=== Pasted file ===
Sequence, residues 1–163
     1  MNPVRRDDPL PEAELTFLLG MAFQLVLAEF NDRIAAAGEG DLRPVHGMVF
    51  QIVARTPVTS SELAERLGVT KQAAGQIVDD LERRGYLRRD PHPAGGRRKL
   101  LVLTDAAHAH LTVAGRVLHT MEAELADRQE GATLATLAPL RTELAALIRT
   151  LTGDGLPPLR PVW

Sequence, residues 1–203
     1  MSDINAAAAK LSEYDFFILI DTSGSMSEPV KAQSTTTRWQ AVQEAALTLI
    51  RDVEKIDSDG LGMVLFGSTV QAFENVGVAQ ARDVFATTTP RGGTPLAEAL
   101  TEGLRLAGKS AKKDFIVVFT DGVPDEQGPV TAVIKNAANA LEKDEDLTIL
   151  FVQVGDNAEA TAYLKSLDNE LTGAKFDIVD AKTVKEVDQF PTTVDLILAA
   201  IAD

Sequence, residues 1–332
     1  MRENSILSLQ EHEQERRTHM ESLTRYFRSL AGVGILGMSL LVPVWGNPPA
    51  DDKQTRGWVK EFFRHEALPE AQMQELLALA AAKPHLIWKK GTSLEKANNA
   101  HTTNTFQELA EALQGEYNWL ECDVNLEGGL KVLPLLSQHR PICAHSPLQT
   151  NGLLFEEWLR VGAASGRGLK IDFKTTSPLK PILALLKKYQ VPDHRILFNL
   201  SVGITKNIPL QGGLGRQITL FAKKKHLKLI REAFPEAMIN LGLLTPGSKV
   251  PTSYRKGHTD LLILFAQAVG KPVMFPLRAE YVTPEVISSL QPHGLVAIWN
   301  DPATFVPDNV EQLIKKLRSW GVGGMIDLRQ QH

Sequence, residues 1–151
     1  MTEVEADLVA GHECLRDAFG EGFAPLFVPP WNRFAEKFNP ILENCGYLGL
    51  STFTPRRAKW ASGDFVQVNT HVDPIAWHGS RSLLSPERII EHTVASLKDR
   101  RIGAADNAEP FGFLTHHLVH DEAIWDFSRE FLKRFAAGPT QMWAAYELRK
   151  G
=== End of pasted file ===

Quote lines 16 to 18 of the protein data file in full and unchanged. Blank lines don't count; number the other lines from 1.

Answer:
   151  NGLLFEEWLR VGAASGRGLK IDFKTTSPLK PILALLKKYQ VPDHRILFNL
   201  SVGITKNIPL QGGLGRQITL FAKKKHLKLI REAFPEAMIN LGLLTPGSKV
   251  PTSYRKGHTD LLILFAQAVG KPVMFPLRAE YVTPEVISSL QPHGLVAIWN